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People are more grateful for what they’ve done than what they have, and that gratitude can lead to greater generosity toward others, according to new research.

In the new study, "Cultivating Gratitude and Giving Through Experiential Consumption," Amit Kumar, a post-doctoral research fellow at University of Chicago Booth School of Business, and Cornell University’s Jesse Walker and Thomas Gilovich, find that feelings of gratitude develop more often when people reflect on experiential purchases, such as vacations or tickets to events, than when they reflect on gadgets, furniture or clothes they’ve purchased.

Reflecting on gratifying experiences also leads to more subsequent altruistic behavior than thinking about significant material possessions, the researchers found. In other words, when people are grateful for experiences, they treat the other people better as well.

The study was published online and is forthcoming in the journal Emotion.

“We know a sense of gratitude carries a number of benefits with it, so how can we increase the likelihood of having these feelings? One step people can take that isn’t very difficult to implement is shifting some investments away from ‘stuff’ and towards experiences—doing so will likely make one feel more grateful,” Kumar says.

Gratitude has been widely linked with better individual physical and psychological health and happiness.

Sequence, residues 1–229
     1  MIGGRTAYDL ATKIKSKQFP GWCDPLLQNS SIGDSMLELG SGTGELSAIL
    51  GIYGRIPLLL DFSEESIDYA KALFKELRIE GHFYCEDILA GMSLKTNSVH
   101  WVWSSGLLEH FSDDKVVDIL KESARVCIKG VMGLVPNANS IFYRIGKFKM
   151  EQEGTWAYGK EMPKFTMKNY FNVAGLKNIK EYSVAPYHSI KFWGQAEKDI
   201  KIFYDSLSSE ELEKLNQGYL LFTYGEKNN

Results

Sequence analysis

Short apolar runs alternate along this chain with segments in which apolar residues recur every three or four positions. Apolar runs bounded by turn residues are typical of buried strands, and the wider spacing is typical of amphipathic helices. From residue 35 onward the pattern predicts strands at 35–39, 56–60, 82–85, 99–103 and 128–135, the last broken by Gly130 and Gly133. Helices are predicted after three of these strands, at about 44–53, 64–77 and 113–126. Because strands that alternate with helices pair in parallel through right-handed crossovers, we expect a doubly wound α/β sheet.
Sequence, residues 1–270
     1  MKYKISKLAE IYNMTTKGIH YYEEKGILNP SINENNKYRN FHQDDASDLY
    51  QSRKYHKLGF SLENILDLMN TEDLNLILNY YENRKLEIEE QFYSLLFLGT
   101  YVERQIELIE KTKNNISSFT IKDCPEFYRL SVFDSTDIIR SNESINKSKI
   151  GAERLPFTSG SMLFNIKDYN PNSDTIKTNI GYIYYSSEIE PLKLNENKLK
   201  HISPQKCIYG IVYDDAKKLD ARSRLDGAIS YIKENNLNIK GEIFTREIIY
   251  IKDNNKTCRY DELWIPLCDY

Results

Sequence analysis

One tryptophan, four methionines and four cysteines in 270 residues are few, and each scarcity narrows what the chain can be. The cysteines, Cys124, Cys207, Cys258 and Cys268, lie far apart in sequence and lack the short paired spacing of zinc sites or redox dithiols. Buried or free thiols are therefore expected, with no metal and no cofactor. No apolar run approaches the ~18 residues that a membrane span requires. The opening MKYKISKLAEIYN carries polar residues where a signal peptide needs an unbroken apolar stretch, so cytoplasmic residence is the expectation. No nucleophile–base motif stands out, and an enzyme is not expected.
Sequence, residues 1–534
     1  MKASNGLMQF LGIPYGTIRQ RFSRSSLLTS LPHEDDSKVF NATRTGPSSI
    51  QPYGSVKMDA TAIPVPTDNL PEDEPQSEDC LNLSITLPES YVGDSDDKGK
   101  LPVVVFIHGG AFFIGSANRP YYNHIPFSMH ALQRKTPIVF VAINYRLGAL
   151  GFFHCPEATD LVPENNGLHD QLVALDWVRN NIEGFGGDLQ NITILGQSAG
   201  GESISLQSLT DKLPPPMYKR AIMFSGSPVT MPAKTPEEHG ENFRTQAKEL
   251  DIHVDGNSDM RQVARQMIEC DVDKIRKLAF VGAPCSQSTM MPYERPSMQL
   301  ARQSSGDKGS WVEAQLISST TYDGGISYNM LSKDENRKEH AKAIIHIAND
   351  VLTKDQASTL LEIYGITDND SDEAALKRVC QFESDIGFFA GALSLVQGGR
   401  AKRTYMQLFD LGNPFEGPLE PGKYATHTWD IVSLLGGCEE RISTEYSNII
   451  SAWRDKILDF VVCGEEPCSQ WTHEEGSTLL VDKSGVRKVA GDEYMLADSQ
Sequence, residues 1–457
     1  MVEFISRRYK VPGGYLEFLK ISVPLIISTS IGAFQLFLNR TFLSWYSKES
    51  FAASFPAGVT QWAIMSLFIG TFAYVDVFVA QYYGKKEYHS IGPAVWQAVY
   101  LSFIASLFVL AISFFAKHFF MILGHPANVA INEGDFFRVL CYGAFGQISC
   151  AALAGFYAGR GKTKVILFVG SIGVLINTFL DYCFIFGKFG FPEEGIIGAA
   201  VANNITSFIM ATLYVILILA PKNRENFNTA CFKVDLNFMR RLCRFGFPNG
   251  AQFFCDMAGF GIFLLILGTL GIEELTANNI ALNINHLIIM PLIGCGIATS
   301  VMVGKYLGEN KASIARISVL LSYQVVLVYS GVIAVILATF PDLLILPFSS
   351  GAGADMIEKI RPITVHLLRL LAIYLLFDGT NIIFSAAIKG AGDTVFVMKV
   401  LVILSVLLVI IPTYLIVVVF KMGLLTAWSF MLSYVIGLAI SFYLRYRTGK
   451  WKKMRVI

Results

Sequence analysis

In a series of six experiments, the researchers set out to examine how material consumption and experiential consumption affect feelings of gratitude.

In one experiment, the researchers surveyed 1,200 online customer reviews on popular websites for words expressing gratitude, and found that consumers are more likely to spontaneously mention feeling grateful for experiences they purchased than for material goods they bought.

  Mean ratings of gratitude expressed in customer reviews on material product-review sites and experiential review websites (light bars) in Study 3.

Another study was presented as a memory task in which participants were asked to recall either a significant material purchase or a significant experiential purchase. They were then asked to play an economic game in which they were assigned to be the “dictator” and allocate money between themselves and someone else whom they would never meet.

Those participants who had reflected on experiences rather than material purchases were significantly more generous to others and kept less for themselves than did those in the group who reflected on possessions. One explanation for that behavior, Kumar says, is that people feel more socially connected when they reflect on experiences, but don’t experience the same levels of connection after considering significant possessions. “If people feel closer to other humans, they may end up treating others better. If there’s a way to make people feel more connected to others in general, this could lead to more altruistic behavior,” he says.

The findings have implications for policy makers and community leaders looking to bring people together. For example, community investment in public parks or funding the arts could make people more likely to take part in experiences, and that could lead to people treating those around them better.

The study authors conclude that a “society that makes it easier for its citizens to have satisfying experiences is likely to reap the benefits of a more grateful and altruistic outlook.”

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